WASHINGTON — Kate Byrne sat on the cold tile floor outside the office of Maine Sen. Susan Collins.

Four floors below, in the atrium of the Hart Senate Office Building, police were arresting hundreds of protesters who had swarmed the nation’s capital to oppose Judge Brett Kavanaugh’s confirmation to the U.S. Supreme Court. Upstairs, in the quiet hallway, a small contingent of women from Collins’ home state staked out her office.

“I kind of hope I get to see her face to face,” said Byrne, 34.

Byrne was one of dozens of Maine women who converged Thursday on Washington with that same desire. They rallied as Collins got the results of an FBI investigation into the allegations of sexual assault and misconduct against Kavanaugh. Her upcoming and still-unknown vote on the judge’s confirmation has deeply personal meaning to women who have survived sexual assaults, but it also could have political consequences for Collins herself.

“If you vote to confirm him, we are not stopping,” Marie Follayttar Smith, co-founder of Mainers for Accountable Leadership and a supporter of sexual assault survivors, shouted into the microphone during an afternoon rally on the steps of the U.S. Supreme Court. “We are coming for your Senate seat.”

The Republican senator was not available for meetings Thursday, but her staff met with multiple groups of Mainers throughout the day. A spokeswoman from Collins’ office said the senator spent nearly five total hours in a secure room in the U.S. Capitol reviewing the FBI’s investigation report.


One group of elected women from Maine – city councilors, state senators and mayors – caught early morning flights to visit Collins’ office.

Samantha Paradis, the mayor of Belfast, said she would bring her own story of sexual assault to Collins’ staff. She said she was unexpectedly emotional when she watched Christine Blasey Ford testify last week that Kavanaugh assaulted her when they were teenagers.

“I wasn’t expecting to relive the same feeling, saying that she is not believed and the comments that followed,” Paradis said. “Sen. Collins is in the position to ensure that women know that we’re heard and that our voices matter and that we’re not going to appoint someone to the Supreme Court who is not of fit character.”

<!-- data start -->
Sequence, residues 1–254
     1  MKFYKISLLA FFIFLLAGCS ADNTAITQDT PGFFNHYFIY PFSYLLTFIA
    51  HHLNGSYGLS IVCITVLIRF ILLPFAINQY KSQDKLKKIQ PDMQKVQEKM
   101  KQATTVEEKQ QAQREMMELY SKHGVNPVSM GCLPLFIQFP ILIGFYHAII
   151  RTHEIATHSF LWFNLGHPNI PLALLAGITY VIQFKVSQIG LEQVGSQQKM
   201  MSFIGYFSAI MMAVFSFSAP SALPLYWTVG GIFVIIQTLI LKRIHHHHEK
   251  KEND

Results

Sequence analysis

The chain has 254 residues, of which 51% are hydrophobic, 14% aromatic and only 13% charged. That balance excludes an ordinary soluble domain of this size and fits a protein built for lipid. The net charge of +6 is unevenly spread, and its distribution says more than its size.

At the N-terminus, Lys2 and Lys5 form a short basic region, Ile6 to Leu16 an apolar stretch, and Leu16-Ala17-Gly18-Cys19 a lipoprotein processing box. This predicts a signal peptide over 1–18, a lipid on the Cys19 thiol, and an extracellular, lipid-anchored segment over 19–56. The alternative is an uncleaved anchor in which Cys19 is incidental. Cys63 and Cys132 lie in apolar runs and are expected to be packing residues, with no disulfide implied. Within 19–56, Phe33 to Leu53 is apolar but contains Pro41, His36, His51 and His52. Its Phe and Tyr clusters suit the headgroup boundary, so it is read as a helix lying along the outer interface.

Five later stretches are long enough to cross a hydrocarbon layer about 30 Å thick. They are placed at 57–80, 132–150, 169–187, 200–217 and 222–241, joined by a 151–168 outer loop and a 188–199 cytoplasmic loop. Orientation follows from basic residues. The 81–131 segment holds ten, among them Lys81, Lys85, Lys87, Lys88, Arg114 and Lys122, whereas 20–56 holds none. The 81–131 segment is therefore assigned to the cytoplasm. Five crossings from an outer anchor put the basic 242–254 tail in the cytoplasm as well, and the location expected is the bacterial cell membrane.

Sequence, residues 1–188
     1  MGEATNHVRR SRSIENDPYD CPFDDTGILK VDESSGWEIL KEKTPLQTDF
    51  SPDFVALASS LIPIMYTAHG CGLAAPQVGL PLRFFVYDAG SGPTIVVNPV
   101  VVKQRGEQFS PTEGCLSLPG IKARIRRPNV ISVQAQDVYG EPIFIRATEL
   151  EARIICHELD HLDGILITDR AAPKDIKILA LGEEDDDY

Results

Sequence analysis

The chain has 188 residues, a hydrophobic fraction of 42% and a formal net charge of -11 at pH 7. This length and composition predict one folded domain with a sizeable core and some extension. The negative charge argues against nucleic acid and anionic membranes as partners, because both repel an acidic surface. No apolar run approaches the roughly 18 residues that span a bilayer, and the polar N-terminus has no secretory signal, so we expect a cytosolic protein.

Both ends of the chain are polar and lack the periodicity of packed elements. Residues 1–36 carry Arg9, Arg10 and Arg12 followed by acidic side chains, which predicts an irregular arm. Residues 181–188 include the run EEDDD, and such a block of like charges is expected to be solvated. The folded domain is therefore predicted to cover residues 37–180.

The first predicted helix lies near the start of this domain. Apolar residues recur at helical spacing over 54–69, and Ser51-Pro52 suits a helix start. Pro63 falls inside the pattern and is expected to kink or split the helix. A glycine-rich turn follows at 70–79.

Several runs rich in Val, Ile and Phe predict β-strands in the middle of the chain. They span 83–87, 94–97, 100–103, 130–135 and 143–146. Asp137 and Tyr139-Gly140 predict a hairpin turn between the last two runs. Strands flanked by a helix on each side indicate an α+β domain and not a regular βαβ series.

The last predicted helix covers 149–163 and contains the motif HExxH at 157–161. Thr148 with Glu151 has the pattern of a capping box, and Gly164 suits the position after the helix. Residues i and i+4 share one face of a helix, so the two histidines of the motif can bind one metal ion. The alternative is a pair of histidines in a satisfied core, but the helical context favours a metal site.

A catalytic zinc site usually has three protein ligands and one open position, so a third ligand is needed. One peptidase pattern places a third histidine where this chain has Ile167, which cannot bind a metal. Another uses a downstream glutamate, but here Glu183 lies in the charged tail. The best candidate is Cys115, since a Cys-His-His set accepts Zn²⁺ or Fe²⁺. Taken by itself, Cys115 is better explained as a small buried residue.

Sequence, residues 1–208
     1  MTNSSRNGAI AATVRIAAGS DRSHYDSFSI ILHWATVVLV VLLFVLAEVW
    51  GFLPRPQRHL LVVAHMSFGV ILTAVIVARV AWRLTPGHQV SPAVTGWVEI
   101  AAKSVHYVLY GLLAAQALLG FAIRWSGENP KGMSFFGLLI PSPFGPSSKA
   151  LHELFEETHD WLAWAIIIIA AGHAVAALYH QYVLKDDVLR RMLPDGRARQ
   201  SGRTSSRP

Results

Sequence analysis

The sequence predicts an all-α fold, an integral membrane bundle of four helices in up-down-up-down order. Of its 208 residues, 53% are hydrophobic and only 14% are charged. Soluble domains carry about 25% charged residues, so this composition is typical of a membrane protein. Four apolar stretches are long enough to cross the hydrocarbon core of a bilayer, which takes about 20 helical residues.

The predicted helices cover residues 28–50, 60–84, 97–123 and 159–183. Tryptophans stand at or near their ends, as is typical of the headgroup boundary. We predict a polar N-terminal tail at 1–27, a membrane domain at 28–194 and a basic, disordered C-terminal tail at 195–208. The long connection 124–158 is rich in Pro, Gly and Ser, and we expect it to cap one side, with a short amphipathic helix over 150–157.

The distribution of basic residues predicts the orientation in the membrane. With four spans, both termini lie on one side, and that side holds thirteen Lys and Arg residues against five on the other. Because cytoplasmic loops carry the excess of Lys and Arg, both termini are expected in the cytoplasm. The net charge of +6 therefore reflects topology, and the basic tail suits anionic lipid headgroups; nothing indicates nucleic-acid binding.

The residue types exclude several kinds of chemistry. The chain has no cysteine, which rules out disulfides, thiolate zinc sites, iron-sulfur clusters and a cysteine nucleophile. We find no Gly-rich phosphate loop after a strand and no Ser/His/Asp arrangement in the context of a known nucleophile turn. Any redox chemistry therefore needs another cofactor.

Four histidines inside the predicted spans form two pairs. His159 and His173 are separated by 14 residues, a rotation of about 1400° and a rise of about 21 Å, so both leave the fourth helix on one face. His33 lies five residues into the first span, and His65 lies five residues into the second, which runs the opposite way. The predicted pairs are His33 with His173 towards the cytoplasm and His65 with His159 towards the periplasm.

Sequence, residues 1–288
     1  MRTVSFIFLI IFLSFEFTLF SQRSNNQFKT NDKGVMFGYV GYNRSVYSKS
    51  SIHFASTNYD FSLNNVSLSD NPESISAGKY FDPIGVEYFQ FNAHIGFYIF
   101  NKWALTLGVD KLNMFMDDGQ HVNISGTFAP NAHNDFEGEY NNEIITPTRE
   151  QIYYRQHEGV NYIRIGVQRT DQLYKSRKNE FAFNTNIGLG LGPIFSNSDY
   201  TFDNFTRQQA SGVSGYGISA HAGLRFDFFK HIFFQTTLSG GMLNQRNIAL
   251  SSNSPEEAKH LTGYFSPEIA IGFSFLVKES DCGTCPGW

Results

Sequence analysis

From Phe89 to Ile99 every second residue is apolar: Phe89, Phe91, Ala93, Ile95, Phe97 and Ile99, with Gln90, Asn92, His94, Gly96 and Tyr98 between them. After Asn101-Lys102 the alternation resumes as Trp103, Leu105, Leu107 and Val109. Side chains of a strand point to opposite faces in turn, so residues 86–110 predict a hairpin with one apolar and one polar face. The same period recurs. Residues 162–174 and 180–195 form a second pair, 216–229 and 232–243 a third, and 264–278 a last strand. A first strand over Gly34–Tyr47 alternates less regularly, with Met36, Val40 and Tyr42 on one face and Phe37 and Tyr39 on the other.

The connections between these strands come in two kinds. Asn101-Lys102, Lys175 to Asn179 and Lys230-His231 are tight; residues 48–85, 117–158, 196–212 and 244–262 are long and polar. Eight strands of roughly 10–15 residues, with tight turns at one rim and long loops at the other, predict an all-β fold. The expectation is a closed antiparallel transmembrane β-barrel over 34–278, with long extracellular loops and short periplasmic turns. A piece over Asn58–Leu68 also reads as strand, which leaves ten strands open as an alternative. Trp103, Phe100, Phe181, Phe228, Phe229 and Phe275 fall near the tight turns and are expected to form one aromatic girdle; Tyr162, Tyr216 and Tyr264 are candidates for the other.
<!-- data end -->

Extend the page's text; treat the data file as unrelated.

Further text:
Another two dozen people, mostly women who said they have experienced sexual violence, rode more than 600 miles overnight on a bus from Portland. Byrne, who lives in Portland, traveled in that group. She said hearing the testimony of Ford, a California psychology professor, reminded her of the day 20 years ago when a man groped her in a movie theater in Portland. So when she learned about the bus trip on Facebook, she put in a last-minute request for time off from her job at a call center in South Portland.

She said she felt compelled to take action for herself and her friends.


“I have friends who have lived the doctor’s story when we were kids, high school, college and beyond,” Byrne said. “I believe them, and I can’t be a part of minimizing their experience.”

The bus group arrived in Washington at 8 a.m. Thursday as the morning fog lifted.

Former state legislator Diane Russell, who organized the trip and arrived in the city the day before, met the group at Union Station. She updated them on the latest news. Senate Majority Leader Mitch McConnell had scheduled a key vote to advance the judge’s confirmation for Friday.

“While you were on the bus, Mitch McConnell pushed the button to move this forward,” Russell told them. “Everyone in the country is counting on our group to persuade (Collins).”

As the group walked through the station and to the office building, passers-by waved at the sight of their signs. “Go get ’em,” one woman yelled. One man jogged past, chanting, “Trump! Trump! Trump!” Russell led them in chants of their own.

“Maine is wise to Kavanaugh’s lies,” they shouted from the sidewalk.